Information About the Mayan Ruins

Information About the Mayan Ruins
Modern cultures long have been fascinated with the ancient Mayans, with their famous calendars and mysterious temples. Those with a thirst for adventure will not want to pass up an exploration through Mayan ruins when visiting the Yucatan Peninsula.


These Mayan ruins can found in the jungle of Chiapas, Mexico. Its murals tell ancient stories of human sacrifice, war and life in the royal court.


According to, Chacchoben translates to "the Place of Red Corn." These partially restored pyramids are located in Quintana Roo, Mexico, about 110 miles south of Tulum, Mexico.


The word "Uxmal" literally means "thrice-built," hinting at the Mayan practice of building one temple over another one. Uxmal was home to one of the largest Mayan communities, at one time numbering over 25,000 people.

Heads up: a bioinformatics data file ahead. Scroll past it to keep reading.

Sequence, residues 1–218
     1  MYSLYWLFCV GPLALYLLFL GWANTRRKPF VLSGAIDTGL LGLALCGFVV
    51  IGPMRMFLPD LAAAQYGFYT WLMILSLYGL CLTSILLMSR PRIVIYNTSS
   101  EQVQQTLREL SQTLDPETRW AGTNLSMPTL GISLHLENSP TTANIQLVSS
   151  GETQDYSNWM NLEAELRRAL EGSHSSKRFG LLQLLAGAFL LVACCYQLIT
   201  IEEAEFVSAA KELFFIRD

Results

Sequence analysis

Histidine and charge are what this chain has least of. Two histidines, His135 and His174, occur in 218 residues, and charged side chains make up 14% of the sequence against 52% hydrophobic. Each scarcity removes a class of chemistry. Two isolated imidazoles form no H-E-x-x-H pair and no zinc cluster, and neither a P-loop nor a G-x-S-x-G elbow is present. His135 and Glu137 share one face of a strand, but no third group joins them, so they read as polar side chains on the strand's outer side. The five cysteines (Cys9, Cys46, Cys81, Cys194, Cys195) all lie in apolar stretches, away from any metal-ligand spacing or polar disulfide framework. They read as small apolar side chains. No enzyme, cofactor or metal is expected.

The Tulum ruins can be found on a beach about 81 miles south of Cancun. These structures are so impressive that Tulum is often called "The Walled City."


Mayapan was the last capital of Mayan civilization. Mayapan means "Banner of the Mayans." It climbed to its peak during the Postclassic period (900 to 1521 A.D.).


Article Written By Kristin Wood

Kristin Wood entered the media industry in 2006 as a proofreader. She began her writing career in 2008, with work appearing in several online magazines, corporate blogs, nonprofit websites and local newspapers. Wood specializes in education, health, beauty, fashion, business and home-and-garden topics. She holds a Bachelor of Arts in English from Point University.

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